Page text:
Olana – National Historic Landmark located in Hudson, New York!
Nestled into the trees high atop a mountain in Hudson, NY, about 2 hours due north of Manhattan stands the impeccably and impressively designed former home of Frederic Edwin Church (1826-1900) and his family. The renowned master of the Hudson River School of realistic landscape painters built this testament to his world travels after having visited the Middle East in the 1860’s. The French style Chalet that he had originally planned for the site was scrapped and replaced by the lavish and exotic design that now stands after being heavily influenced by the spirit of Middle Eastern, European, and South American art, culture and design.
Frederic was such a talented painter that after studying for two years in his late teens under fellow Hudson River School artist Thomas Cole, Cole would remark that Frederic had the best eye of any living artist. That is very high praise from a master such as Cole himself was and is still regarded today. Church’s widely acclaimed success would prove Cole’s evaluation true. Frederic’s works traveled far and wide internationally on exhibit; people would pay 25 cents admission just to view one of his pieces. After touring, they often fetched the highest sums ever paid for works of a living artist of the day. At the time, just one of his paintings would sell for $10,000, which today would amount to somewhere between $250,000-$300,000. Not too bad, huh! Prolific is an understatement when describing the vast amount of work that Frederic produced and left behind, so funding the building of his lovely estate was not a problem at all.
Church married his love Isabel Mortimer Carnes, and they had 6 children together, although sadly, their two eldest died young of diphtheria in 1865. They lived primarily in the home at Olana, but frequented New York City, and Church had a studio in the 10th Street Studio Building. He meticulously manicured the landscape at Olana to create a perfect setting for painting. There is no better view of the Hudson River Valley and Catskill Mountains than you can get from peering through one of the vaulted arched windows or standing on the grand porches or in the hilly yard.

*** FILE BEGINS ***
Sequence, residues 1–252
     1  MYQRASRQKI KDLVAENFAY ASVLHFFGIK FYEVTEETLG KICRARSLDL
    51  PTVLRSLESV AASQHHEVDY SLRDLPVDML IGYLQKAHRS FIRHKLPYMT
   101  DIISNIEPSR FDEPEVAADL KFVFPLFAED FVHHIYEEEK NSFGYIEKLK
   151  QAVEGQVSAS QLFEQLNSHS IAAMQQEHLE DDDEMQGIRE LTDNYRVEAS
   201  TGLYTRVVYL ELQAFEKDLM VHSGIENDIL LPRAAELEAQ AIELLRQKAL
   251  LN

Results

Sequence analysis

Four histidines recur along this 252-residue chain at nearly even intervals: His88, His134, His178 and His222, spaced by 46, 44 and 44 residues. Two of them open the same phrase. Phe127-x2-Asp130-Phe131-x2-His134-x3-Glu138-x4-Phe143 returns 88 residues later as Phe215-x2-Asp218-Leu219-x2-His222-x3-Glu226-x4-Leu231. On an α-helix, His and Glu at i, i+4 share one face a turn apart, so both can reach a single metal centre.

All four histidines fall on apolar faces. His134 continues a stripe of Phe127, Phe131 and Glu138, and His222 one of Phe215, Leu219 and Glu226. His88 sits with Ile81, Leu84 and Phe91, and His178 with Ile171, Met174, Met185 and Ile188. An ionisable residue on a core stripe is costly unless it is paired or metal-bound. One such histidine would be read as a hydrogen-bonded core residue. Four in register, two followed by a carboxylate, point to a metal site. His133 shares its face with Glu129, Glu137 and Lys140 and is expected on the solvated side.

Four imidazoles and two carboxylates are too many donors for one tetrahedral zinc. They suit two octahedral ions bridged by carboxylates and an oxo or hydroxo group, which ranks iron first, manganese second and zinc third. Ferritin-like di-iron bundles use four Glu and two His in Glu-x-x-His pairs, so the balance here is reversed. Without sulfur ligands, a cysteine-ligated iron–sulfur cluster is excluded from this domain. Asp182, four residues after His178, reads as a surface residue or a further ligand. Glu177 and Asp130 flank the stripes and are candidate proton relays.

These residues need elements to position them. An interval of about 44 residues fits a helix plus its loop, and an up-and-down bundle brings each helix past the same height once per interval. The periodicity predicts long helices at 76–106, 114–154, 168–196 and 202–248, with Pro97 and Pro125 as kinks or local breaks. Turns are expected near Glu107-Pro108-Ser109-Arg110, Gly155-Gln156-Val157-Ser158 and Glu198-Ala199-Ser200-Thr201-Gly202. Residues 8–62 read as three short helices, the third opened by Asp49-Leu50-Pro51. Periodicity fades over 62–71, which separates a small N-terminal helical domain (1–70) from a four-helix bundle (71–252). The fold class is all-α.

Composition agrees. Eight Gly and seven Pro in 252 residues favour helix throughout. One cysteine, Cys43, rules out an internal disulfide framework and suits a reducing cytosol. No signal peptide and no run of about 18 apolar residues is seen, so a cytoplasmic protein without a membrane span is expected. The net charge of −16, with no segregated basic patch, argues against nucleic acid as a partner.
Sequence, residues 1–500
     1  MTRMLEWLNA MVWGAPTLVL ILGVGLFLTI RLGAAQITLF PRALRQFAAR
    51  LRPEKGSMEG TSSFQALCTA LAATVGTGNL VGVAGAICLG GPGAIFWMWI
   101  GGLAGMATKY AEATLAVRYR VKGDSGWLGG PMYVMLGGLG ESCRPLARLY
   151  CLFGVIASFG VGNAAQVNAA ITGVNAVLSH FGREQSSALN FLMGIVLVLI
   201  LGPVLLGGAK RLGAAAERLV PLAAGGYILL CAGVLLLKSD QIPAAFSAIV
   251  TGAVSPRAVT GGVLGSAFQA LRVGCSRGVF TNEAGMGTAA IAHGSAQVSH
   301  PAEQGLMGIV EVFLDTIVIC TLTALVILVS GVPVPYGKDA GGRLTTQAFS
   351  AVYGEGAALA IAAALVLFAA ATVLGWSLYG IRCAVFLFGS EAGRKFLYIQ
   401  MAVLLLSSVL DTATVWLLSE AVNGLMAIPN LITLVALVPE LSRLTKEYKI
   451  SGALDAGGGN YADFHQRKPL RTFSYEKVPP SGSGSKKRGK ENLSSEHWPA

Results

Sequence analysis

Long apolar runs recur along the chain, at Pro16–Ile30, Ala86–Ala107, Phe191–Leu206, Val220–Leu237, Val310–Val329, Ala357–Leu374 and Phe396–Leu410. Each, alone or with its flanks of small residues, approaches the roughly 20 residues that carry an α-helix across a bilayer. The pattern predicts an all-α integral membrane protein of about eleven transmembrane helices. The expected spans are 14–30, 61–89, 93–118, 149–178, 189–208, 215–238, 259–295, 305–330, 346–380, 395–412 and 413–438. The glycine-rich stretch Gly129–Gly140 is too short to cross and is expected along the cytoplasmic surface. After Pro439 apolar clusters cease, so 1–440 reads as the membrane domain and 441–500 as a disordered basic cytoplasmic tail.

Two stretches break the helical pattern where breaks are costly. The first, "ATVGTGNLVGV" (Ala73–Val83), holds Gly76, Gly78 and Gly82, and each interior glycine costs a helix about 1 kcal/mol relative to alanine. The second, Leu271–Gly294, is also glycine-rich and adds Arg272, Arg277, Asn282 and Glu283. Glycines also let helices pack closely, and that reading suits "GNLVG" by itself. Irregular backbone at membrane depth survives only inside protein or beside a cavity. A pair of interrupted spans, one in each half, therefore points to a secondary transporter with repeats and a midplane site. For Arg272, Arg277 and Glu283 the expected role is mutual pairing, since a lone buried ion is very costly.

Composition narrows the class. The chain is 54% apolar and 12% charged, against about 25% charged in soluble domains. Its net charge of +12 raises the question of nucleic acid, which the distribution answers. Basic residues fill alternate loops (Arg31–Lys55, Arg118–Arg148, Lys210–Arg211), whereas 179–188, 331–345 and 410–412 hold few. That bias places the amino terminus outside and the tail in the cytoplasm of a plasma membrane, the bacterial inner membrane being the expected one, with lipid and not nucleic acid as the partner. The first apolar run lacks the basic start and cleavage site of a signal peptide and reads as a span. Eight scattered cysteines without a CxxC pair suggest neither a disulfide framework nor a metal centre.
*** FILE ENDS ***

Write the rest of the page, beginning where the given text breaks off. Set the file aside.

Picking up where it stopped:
The Churches were very well traveled, and collected numerous artifacts, paintings, artworks, and curiosities from places such as South America, Mexico, Europe, the Caribbean, Persia, and the Middle East. The home included a stage upon which these costumes and artifacts would be put on display in skits and plays performed by numerous noteworthy guests. Mark Twain among others read poems and prose upon the large open stairwell landing that doubled as their theater. Just upstairs was an armoire filled with treasures from all over the world for guests to change into and then present themselves in. Guests would wait their appearance in the large but very cozy great room below. The sitting, dining, entry and bedrooms are lavishly decorated with art, exquisite woodwork and furniture by his design, and patterns and motifs sketched by Frederic while on holiday in one or another far corner of the globe. Leaving no room for want, the home had indoor plumbing with hot and cold water and forced air heating as well.
All this was very advanced for the time, and although Frederic was quite a worldly and influential gentleman, the tour guides of his grand home paint him as a truly refined master artist with humble and grateful sensibility. It is overtly evident the great wonder and beauty with which the couple viewed the world. To live year-round with the spectacular influence of the lives of others in such faraway lands as they did, centering their lives around creating a masterpiece of architecture that incorporates international influence in the most beautiful of ways-that is true appreciation. The Churches devoted their lives to family, art, nature, education, hard work, creativity, and celebrating the beauty contained within the universe they knew and loved. Frederic Church’s vision and action in life was wonderfully inspired and something to be truly admired.
We are lucky to be able to visit this landmark today- in the 1960’s the home was in danger of being demolished and the land being sold. Through the generosity and hard work of the Olana Partnership, the site was saved and is now administered by the New York State Office of Parks, Recreation and Historic Preservation, Taconic Region. It is a designated National Historic Landmark and one of the most visited sites in New York. The Olana Partnership, a private not-for-profit education corporation, works cooperatively with New York State to support the restoration, development and improvement of Olana State Historic Site.
You can visit the website here: http://www.olana.org/
And, the best part-the tour is just $12 and the grounds are open to the public and are FREE! Check it out. It is truly spectacular!
Article and photo credits by Lauren Haimelin 2014, A.I. Friedman sales associate